It's been a while since we looked at my old stomping grounds of Dallas, Texas, and while I haven't particularly missed being there, it is nice to revisit some of the old shows. I hadn't quite been born yet when this issue hit the newsstands, and yet some of the programs and personalities are as familiar to me as if I'd grown up with them. The Twilight Zone episode on KRLD is one of the series' most popular, "The Hitchhiker," with Inger Stevens in virtually a one-woman show. Charles Murphy, the newsman on WBAP, plays a role in the local coverage of the JFK assassination, and becomes a regular on ABC news coverage. Wes Wise, WFAA's sportscaster, was a local legend in the Metroplex. And don't forget Teen-Age Downbeat, the local answer to American Bandstand. It's not true that everything looks better in the sepia tones of the past, but it's nice to visit the ones that do.

January 16, 2021

This week in TV Guide: January 16, 1960

Cliff Arquette is one of those personalities whose name means different things to different people, depending on how old you are.

To a certain generation he'll be known, if at all, as the grandfather of actresses Rosanna (who wasn't really the inspiration for the song by Toto) and Patricia (who was nominated a few years ago for an Oscar for Boyhood). To my generation, he's "Charley Weaver," the beloved lower left square in The Hollywood Squares. And to the generation reading this week's TV Guide, he's the jolly host of The Charley Weaver Show on ABC.

The Weaver shtick started in the late '40s, and has been smoothly refined by now. In addition to his show, Arquette is the author of Charley Weaver's Letters From Mama, many of which he reads during one of his regular appearaces on Jack Paar's Tonight. His homespun humor is based on the goings-on in the fictional town of Mount Idy, and most of his jokes deserve some kind of rim shot.  ("Elsie Krack was just married so we all pitched in and gave her a shower. It took six of us to drag her into the bathroom.")

What's interesting about Charley Weaver, or Cliff Arquette, is how his career spans so many different times.  Like many television stars, he and his character came of age on radio. By the time of this issue of TV Guide, in the pre-JFK days of 1960, he was already well-established on television, yet his greatest fame probably came on Squares, on which he appeared until his death in 1974. He spanned the years from the static of network radio to the musty black-and-white days of this issue to the vivid color and double entendres of the '70s. Three different ages, three different worlds. And he was there for them all.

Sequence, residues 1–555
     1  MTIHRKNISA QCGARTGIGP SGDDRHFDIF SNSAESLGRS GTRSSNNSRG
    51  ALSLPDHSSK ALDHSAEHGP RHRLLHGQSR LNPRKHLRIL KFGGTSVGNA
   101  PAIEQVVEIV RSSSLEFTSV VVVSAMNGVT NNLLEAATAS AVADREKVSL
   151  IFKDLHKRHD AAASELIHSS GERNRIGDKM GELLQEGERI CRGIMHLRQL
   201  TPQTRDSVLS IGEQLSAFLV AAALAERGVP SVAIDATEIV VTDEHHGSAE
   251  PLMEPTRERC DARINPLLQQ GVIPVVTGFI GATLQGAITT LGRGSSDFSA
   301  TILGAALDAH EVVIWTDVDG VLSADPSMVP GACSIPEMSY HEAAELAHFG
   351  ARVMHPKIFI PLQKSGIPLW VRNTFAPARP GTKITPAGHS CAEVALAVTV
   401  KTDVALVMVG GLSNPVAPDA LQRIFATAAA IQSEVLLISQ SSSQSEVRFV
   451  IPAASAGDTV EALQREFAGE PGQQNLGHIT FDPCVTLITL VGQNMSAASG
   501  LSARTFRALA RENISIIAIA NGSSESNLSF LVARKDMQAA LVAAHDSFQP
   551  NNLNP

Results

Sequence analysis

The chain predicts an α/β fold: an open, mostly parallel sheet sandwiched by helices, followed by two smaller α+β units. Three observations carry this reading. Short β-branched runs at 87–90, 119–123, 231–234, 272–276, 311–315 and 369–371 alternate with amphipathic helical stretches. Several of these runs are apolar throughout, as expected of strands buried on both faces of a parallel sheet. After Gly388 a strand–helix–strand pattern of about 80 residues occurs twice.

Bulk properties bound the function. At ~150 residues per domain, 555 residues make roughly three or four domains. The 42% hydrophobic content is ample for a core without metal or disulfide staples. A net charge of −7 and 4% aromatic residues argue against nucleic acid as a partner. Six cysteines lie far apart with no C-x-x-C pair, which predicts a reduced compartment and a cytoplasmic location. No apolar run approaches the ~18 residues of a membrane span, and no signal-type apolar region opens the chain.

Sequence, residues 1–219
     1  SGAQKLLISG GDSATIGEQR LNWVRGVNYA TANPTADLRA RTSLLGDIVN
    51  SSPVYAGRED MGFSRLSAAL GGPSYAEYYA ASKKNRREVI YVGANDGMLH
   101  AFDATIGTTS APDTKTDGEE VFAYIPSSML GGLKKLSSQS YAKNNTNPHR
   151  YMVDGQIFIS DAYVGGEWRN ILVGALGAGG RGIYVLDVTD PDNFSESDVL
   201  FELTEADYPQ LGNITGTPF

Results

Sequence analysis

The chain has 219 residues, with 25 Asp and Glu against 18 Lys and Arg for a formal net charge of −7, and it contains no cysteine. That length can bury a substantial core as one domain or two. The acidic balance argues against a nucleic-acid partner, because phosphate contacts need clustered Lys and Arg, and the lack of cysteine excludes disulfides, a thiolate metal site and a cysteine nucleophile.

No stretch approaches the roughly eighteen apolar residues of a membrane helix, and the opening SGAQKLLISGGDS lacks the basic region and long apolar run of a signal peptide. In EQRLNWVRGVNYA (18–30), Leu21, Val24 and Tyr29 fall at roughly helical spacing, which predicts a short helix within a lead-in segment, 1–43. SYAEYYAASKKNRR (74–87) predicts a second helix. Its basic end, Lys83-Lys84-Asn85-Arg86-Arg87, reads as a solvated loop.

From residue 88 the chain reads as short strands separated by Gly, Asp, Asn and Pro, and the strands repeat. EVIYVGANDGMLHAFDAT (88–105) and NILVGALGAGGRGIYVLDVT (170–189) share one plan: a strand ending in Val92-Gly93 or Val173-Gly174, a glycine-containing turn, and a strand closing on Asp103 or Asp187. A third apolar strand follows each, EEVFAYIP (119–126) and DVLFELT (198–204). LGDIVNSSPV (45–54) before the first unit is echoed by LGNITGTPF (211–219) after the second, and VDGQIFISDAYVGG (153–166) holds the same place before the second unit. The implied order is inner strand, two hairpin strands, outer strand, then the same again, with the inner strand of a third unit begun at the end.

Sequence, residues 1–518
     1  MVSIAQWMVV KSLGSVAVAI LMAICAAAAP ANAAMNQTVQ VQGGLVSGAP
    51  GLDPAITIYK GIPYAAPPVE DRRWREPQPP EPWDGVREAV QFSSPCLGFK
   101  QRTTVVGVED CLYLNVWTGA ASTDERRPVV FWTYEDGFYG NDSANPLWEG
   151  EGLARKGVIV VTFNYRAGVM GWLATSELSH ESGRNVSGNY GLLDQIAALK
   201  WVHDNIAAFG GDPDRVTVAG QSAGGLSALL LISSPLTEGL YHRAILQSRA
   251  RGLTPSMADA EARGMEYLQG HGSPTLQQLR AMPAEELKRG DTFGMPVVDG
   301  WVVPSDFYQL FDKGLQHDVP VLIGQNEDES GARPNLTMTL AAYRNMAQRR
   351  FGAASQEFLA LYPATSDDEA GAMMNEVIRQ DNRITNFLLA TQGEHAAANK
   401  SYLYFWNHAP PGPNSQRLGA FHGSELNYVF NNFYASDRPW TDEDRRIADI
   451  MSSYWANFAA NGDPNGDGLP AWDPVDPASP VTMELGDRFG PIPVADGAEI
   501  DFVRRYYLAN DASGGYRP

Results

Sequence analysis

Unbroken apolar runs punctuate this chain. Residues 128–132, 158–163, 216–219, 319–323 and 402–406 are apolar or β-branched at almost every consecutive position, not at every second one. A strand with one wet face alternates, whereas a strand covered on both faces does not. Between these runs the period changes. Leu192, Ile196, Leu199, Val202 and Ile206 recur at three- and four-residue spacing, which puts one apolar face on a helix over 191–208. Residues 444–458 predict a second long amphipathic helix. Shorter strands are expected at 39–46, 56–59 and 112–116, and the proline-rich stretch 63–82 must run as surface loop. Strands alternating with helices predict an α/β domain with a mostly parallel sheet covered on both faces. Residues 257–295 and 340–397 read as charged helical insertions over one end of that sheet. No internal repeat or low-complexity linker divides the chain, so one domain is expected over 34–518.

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Now, I know what you're thinking here: what in the name of Sherwood Schwartz is Mrs. Brady, aka Florence Henderson, doing as one of the hosts of NBC's Today, ostensibly a morning news program? Well, the answer to this question, as well as many others, lies in the phrase "Today Girl."

With Jack Lescoulie and Dave Garroway
As we've mentioned before, from the show's beginning until the mid '60s, the "Today Girl" (or "Woman's Editor," as they were originally called) had a specific role: to report on woman's issues (fashion, lifestyle), to give the weather, and to spar with the male host of the show (variously Dave Garroway, John Chancellor and Hugh Downs). None of the "Today Girls" were news reporters or, in fact, had much of a news background at all; they were either singers (Henderson, Helen O'Connell) or actresses (Estelle Parsons, Maureen O'Sullivan, Lee Meriwether and Betsy Palmer). Not to put to fine an edge on the point, but they were eye candy just as much as anything.